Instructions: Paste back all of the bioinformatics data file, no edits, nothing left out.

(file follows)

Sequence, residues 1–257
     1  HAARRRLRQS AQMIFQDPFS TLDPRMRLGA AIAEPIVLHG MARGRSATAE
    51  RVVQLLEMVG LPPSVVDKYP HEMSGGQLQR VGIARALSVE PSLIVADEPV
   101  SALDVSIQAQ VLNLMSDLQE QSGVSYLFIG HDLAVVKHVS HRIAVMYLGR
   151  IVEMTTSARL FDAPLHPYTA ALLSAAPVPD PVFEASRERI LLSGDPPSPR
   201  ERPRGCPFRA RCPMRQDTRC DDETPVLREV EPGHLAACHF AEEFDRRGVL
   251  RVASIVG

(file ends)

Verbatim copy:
Sequence, residues 1–257
     1  HAARRRLRQS AQMIFQDPFS TLDPRMRLGA AIAEPIVLHG MARGRSATAE
    51  RVVQLLEMVG LPPSVVDKYP HEMSGGQLQR VGIARALSVE PSLIVADEPV
   101  SALDVSIQAQ VLNLMSDLQE QSGVSYLFIG HDLAVVKHVS HRIAVMYLGR
   151  IVEMTTSARL FDAPLHPYTA ALLSAAPVPD PVFEASRERI LLSGDPPSPR
   201  ERPRGCPFRA RCPMRQDTRC DDETPVLREV EPGHLAACHF AEEFDRRGVL
   251  RVASIVG